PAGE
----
Episode Title: Truth and Consequences
Season 06, Episode 06
Episode 106 of 344
Written by Joyce Keener
Directed by Robert Becker
Original Airdate: Thursday, November 15th, 1984
The Plot (Courtesy of TV.Com): Val asks Mack to be her birthing coach and Gary tells her he wishes she would have asked him. Val and Gary try to get Karen and Mack back together, but Abby's worried that Val will tell Gary about the babies. Abby asks Scott Easton if the babies can be Gary's heirs and complains about them, but says there's nothing she can do about it. Easton replies, "You never know..." Abby hires Joshua to work at the cable station. Gary tries to use reverse psychology on Karen and tells her to divorce Mack, but to his surprise, Karen agrees and goes to see a divorce lawyer. Cathy has a romantic dinner with Joshua. Ben gives Mack a tape about Gary Loader, who was in prison with Tom Jezik. Greg wins his election to become Senator. Afterwards, Jane tells him that she wants a divorce.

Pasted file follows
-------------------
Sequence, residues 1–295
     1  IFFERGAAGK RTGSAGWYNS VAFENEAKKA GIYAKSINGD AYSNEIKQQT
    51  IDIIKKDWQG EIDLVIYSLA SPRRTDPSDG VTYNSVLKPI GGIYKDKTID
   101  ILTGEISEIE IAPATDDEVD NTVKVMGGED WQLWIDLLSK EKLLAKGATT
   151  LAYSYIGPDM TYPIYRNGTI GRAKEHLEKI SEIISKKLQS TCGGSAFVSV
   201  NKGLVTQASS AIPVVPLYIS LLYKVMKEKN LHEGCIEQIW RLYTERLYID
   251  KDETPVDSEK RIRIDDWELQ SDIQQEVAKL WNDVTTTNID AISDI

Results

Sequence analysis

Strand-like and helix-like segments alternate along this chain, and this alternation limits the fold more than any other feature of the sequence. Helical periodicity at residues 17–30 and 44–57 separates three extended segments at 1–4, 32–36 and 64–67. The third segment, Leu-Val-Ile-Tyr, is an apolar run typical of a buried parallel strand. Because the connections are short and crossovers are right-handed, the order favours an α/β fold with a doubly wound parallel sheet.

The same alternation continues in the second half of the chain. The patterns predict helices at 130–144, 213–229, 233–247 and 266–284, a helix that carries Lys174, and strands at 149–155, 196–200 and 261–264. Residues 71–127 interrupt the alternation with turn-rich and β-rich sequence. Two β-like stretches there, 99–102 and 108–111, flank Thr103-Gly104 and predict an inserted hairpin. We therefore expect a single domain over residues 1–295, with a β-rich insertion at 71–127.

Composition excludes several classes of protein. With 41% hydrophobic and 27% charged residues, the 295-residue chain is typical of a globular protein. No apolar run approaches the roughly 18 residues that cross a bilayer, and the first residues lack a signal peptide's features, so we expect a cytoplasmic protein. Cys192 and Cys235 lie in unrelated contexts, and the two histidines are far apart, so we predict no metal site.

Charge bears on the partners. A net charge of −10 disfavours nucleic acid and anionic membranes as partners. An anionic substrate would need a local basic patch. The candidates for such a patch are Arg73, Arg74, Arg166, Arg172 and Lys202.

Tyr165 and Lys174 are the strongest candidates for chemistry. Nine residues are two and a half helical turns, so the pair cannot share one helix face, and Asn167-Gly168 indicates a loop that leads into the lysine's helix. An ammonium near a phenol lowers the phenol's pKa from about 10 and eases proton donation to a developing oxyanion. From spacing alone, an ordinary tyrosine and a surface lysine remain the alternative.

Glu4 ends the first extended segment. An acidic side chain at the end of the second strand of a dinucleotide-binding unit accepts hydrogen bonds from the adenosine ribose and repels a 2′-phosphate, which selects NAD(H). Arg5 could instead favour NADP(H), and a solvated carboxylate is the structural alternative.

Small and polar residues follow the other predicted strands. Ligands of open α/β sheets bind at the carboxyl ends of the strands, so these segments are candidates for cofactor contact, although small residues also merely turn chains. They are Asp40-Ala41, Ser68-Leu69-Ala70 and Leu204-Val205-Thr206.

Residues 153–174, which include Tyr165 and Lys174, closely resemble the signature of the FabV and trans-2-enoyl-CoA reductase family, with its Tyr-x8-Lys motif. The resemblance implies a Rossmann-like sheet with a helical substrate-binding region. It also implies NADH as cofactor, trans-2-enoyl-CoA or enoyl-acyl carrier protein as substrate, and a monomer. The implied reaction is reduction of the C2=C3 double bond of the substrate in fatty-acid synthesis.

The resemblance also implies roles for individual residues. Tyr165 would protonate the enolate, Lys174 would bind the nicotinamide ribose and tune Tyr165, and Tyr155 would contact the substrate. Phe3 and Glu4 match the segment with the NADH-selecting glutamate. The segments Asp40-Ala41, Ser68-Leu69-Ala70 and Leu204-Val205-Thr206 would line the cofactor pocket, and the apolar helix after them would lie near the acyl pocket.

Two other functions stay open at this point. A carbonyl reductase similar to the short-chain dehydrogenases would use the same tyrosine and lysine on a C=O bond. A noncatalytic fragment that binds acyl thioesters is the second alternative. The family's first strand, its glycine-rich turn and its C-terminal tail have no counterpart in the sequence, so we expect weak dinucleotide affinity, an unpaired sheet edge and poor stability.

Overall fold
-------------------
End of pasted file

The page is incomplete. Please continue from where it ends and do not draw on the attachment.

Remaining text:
KL is so fucking good that every time My Beloved Grammy and I gather to watch another disk, it’s like this ascension into Heaven in which the show is so unbelievably incredibly divine that it almost makes the prior eps look not as good. Yes, it is indeed true that we got together again and did another disk, this one encompassing this ep right up here and up for discussion now, Truth and Consequences, well through Message in a Bottle, five glorious eps that seemed to get better and better as we went along, and I think I may have to conclude that this was our best disk up to this point. Let’s dive right in and start talking about it.